[FOM] Re: Contrasting Methodologies
Harvey Friedman
friedman at math.ohio-state.edu
Wed Oct 1 02:21:43 EDT 2003
Reply to Holden.
On 9/30/03 11:00 PM, "tom holden" <thomas.holden at balliol.ox.ac.uk> wrote:
I wrote:
>> "In a way, the computer revolution solved this problem [of scepticism about
>> rule following], in that it "taught" computers how to carry out such rules
>> for any reasonable length input."
Holden wrote:
>
> This seems naïve to me.
This seems naïve to me.
>When Chow's teacher builds the machine scepticism is
> in no way dodged.
As I said before, the main point of my posting regards contrasting
methodologies. Here is an amplification of what I said.
A good deal of the crucial steps needed to do serious f.o.m. regarding the
foundations of simple-rule-following is already contained in the work done
by developers of computer technology in order to get computer's to carry out
simple-rule-following.
In particular, it is a quite nontrivial task to build a computer system from
scratch, starting from nothing, so that serious interaction between humans
and computers can take place - i.e., the computer can be given some even low
level human generated instructions, and it does what is intended. The stored
program idea is highly nontrivial to actually design and implement.
I thought I made it clear that I was not attempting to engage in a
discussion of skepticism directly, but only very interested in listening to
a discussion of skepticism, in order help generate subjects of permanent
value.
>If the teacher is to succeed in educating Chow's "I" with
> her machine, she must [blah blah blah].
I can pick off one "subject" that I have already noticed (a very long time
ago) and done something about. I have long had theorems to the effect that
although induction principles cannot be derived purely deductively,
induction principles up to some very very very large numbers CAN be derived
purely deductively ***given suitable defining equations and axioms for
successor***. Of course, this is trivial - make a deduction of size the very
very large number. However, to actually carry that out, one needs some
induction on the same very very very large numbers, so that begs many
questions...
But the real RESULT is that this can be done with quite SMALL length, so
that one can easily physically create the proof and read the proof. This is
a nontrivial fact, taking some argument. So there is one stark contrast
between initial segments of the nonnegative integers such as
{0,1,...,2^2^2^2^2^2^1000} - to which this result applies - and the full
initial segment {0,1,2,3,4,...}. For example, it can used to give a proof
WITHOUT INDUCTION that for numbers in that large initial segment,
x+y = y+x
x dot y = y dot x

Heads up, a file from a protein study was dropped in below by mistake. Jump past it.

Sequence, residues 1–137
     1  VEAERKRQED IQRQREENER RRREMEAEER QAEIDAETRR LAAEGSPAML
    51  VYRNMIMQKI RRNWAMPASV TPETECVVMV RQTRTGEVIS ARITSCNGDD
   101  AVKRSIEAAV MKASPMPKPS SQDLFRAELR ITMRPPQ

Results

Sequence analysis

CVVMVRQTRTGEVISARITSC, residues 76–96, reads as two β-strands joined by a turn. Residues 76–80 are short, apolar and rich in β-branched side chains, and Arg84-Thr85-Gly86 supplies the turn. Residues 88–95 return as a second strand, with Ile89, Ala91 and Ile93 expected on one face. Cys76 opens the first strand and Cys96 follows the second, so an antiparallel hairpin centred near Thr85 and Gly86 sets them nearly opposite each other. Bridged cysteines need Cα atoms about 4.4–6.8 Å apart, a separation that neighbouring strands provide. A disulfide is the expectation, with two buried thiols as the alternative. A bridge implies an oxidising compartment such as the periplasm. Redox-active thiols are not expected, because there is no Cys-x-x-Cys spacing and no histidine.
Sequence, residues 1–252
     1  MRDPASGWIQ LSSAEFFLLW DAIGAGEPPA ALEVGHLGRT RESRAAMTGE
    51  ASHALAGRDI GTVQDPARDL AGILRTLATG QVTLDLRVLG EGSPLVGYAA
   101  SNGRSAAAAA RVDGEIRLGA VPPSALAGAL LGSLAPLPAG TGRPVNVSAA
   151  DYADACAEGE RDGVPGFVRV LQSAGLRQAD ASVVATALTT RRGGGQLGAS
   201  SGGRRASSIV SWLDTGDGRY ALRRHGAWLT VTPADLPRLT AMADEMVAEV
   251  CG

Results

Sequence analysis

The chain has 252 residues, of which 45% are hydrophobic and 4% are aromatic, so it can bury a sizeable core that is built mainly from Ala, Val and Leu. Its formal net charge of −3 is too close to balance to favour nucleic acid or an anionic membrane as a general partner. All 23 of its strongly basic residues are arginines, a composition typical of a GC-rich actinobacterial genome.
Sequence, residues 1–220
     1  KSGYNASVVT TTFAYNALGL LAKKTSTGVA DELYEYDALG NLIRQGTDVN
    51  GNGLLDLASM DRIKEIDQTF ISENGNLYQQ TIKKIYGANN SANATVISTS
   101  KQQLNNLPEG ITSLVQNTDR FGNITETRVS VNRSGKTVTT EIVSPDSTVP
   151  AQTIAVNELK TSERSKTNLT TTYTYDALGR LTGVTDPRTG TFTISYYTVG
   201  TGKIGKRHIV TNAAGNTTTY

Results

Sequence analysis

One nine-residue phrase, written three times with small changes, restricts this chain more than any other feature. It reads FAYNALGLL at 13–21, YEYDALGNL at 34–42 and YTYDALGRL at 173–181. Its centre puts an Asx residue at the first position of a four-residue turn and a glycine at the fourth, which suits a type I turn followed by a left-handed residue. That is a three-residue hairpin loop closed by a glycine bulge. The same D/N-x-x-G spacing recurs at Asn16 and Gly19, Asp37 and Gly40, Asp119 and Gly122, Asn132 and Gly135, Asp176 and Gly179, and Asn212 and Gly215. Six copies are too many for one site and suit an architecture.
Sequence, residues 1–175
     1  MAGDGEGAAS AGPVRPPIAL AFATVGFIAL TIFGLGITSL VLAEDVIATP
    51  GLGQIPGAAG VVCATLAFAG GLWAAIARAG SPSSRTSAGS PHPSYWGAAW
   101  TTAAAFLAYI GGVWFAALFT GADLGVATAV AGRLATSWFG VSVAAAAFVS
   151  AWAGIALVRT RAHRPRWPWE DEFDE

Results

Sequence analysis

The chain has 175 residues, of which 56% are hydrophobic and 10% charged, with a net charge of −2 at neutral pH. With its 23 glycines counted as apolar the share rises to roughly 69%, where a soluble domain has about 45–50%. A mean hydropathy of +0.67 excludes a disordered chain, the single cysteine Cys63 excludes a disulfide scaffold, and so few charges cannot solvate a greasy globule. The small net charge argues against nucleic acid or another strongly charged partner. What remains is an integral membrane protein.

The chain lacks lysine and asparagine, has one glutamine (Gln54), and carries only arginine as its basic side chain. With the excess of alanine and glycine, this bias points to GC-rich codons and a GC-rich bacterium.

x dot (y+z) = x dot y + x dot z
x dot x = y dot y + y dot y has no nontrivial solutions.
And it obviously is of permanent intellectual value. Also, the phenomenon
demonstrably runs out with much longer initial segments of N. That also
takes some work.
The ideas behind this work have definitely been around for some time, and
probably this is regarded as part of the folklore - I think some forms have
been published.
If someone complains that this is only vaguely related to any issues of
skepticism being discussed, I could, presumably, work to find some other
results of permanent value that are closer to the issues at hand, if I
wanted to. And after someone complains again that it is still only vagely
related..., then I can repeat the process, coming closer. All the time
leaving a permanent value trail of f.o.m. work.
> Perhaps such a reply is precisely what Friedman was objecting to in his
> discussion of the back and forth of such discussions,
Of course.
>but ironically
> Friedman's argument lends support to the sceptical side.
I don't have any opinion about that. If it is true, then the nonskeptical
side would have a perfectly good defense, which you could attack, etc.
If you like the back and forth, then we all gain. But I will not directly
participate - only indirectly.
>That the arguments
> will go on as long as someone is espousing a realist/ absolutist/
> foundationalist philosophical position, means precisely that such positions
> will always leave a place for scepticism to take hold.
Anything can take hold for a while if you work enough at the presentation -
until the "refutation" comes, and then you will have to modify the
presentation accordingly, which can be done, etc.
>
> My suggestion is that issues of rule-following are not something for the
> mathematicians (even those working in foundations) or computer scientists to
> be too concerned about. (See Maddy's general version of the fit philosophy
> to mathematical practice position.)
Concerned about? Ridiculous, from my methodology. Of course I am VERY
concerned about it if I want to do something of permanent value connected
with it.
>
> Koskensilta's reply to Chow is precisely the kind of mathematical attempt at
> answering the philosophical question, which seems ill advised to me.
> Complexity measures all (?) [blah blah blah].
A (new?) presubject? Give a theory which tells us why certain "machine
instructions" are elemental, and others are not. This is close to what is
called Church's Thesis research, which I still think is in for some big
breakthroughs.
Or give a theory which tells us why no such interesting distinction can be
made.
>
> I hope this reply has not been embarrassingly uninformed (and that it gets
> through this lists editorial process...) as it was my first venture out of
> silent lurker-ship...
>
I like it, except for the opening statement "This seems naïve to me", which
seems naive to me.
Harvey Friedman
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